CHI's investigation followed allegations of physical and emotional abuse of patients by care staff at Rowan ward, which was a mental health unit for older people run by Manchester Mental Health & Social Care Trust. This is the third investigation by the health watchdog into the care of vulnerable older people, leading to concerns about standards of care for these people nationally.
Acting chief executive of CHI, Jocelyn Cornwell, said: 'The care received by vulnerable older people on Rowan ward was unacceptable, but we are seriously concerned that circumstances surrounding this investigation are not unique.
'CHI has completed two previous investigations into the care of older people and has continual requests for investigations in this area. The same issues keep coming up and the NHS does not seem to be learning. The care of older people nationally is very concerning. NHS managers and commissioners should take a good look at this report and ensure recommendations are embedded in their own services. Organisations must learn to monitor closely what happens on older people's wards and open up wards to external visitors and patients' advocates.'
Staff and patient representatives told CHI Rowan ward had become a 'forgotten s ervice', after other trust services were relocated to another site in 2001. The relocation reduced support and maintenance services to Rowan ward and security was a major concern for staff, patients and carers.
The trust's model of nursing care in older people's services was old fashioned and its culture was not open and learning. For example, on Rowan ward patients' clothing was changed and hygiene needs addressed according to a routine rather than when the need arose. There were claims and counter claims of bullying and harassment on Rowan ward with senior staff claiming they were threatened with industrial action if modernisation was suggested and nursing assistants reporting that they were humiliated and bullied.
The trust's overall systems to improve care and safeguard patients are very poor. CHI found very little awareness across the trust of national policy to protect vulnerable adults or of monitoring of the implementation of the National Service Framework for Older People. The trust lacks a unified reporting system for incidents, which hampers analysis and learning from things that have gone wrong. The absence of central trust records of any accidents or incidents on Rowan ward between February 1999 and July 2002 may have contributed to a lack of awareness of problems in older people's services. Some serious injuries, including a scald and unexplained bruising, were not reported centrally. Neither were incidents of patients leaving the ward and putting themselves at risk. Also worrying are audits showing a number of problems with the prescribing and administration of medicine across the trust. For example, there is evidence that unqualified staff commonly gave medicine on adult and older people's wards.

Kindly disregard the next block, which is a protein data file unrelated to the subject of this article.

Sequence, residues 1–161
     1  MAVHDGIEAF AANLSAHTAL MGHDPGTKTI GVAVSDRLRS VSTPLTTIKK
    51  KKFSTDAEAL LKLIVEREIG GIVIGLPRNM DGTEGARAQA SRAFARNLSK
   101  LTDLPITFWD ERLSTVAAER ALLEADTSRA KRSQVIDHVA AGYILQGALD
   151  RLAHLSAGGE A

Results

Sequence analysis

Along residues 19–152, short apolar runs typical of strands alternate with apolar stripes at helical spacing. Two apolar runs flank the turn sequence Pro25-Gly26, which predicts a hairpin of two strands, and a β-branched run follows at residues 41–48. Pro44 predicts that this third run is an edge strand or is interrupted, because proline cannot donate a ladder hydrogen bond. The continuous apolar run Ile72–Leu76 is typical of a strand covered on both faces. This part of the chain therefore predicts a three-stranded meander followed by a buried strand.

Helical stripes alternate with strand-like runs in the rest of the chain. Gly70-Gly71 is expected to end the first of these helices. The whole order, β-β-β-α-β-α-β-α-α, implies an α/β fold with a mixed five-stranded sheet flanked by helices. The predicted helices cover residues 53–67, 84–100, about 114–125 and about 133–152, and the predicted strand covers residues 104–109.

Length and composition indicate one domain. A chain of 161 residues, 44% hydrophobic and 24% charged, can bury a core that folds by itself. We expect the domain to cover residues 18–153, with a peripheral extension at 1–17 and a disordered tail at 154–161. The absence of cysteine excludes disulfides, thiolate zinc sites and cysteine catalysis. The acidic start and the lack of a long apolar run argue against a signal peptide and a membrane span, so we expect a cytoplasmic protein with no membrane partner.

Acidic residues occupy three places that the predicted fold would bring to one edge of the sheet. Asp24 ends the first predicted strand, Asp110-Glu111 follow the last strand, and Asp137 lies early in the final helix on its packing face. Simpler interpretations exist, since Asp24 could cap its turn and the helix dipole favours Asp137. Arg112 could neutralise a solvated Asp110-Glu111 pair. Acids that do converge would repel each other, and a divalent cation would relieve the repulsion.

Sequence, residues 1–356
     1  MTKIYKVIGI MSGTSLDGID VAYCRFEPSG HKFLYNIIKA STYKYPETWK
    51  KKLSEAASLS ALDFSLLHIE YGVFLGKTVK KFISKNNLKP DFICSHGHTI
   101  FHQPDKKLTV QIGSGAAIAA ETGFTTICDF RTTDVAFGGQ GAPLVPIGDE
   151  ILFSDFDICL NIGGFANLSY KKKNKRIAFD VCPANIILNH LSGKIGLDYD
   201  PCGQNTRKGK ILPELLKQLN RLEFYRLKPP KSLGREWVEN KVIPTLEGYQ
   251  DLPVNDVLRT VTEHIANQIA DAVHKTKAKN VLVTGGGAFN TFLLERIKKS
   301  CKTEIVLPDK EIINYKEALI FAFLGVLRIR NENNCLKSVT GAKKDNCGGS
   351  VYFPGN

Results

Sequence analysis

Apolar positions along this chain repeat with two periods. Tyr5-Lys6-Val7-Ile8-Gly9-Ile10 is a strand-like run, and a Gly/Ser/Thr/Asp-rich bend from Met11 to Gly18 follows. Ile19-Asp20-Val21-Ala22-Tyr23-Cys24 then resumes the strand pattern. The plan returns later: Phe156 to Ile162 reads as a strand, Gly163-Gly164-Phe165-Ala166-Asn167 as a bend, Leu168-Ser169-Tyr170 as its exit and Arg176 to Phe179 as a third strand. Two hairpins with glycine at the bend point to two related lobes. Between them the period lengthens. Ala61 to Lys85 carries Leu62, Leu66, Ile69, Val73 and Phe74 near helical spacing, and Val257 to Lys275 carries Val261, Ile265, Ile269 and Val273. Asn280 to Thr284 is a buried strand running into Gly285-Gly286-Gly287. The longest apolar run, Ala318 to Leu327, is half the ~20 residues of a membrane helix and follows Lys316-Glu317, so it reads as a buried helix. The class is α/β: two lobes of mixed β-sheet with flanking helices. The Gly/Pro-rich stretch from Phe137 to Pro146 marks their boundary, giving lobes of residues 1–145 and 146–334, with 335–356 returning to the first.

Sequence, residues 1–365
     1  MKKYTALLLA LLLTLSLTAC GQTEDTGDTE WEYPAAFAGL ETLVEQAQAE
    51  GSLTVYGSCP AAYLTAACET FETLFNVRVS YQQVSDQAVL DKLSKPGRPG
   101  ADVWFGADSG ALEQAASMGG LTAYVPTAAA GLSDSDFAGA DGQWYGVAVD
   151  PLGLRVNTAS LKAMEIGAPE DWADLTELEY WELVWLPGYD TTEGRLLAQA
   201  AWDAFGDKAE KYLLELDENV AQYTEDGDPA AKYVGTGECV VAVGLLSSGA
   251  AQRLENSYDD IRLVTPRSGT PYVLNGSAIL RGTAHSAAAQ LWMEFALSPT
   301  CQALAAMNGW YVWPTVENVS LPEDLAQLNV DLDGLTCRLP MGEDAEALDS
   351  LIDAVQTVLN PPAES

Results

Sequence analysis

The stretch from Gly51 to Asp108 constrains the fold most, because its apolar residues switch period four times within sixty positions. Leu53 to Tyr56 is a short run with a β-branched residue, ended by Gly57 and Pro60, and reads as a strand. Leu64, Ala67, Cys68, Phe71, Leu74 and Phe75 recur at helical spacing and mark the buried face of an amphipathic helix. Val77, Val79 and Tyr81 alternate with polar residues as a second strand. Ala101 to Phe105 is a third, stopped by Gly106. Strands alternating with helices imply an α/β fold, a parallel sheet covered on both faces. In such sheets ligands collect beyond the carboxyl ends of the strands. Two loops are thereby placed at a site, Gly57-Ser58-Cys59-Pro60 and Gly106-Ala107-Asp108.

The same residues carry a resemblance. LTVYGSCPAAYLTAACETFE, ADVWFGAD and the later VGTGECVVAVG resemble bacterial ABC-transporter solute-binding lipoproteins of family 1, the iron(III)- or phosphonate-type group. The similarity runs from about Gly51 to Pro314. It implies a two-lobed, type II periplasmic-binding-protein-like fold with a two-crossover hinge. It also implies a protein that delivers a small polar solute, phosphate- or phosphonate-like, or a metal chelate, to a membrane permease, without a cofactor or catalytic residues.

Although the trust has made some improvements since the allegations were made last year, CHI has serious concerns about the extent of problems and the trust's capacity to resolve them. The issues on Rowan ward and in older age services are symptomatic of other potential problems in th e trust.
Dr Linda Patterson, CHI medical director said: 'The whole health community in Manchester has failed to ensure that vulnerable older people with mental health problems are safe and receive the care that they need. Patients and staff at Rowan ward were left isolated and in an environment that left them open to abuse. A severe lack of clinical leadership, supervision, monitoring of the quality of care and improvement mechanisms led to a culture in which staff felt bullied and patients' needs were neglected. Examples of unreported accidents and inappropriate training in the use of restraint techniques on Rowan ward were a direct result of this culture.'
The report makes recommendations for the trust, the strategic health authority and more widely across the NHS. Recommendations include:
Dr Patterson said: 'The trust has demonstrated some improvement since the allegations at Rowan ward emerged, but there is still a lot of work to be done. The trust must strengthen its leadership and management capacity. The board needs to take responsibility for ensuring quality of care and lines of accountability req uire definition and improvement. The strategic health authority must lead the health community in developing and delivering a strategy for older people's mental health services.'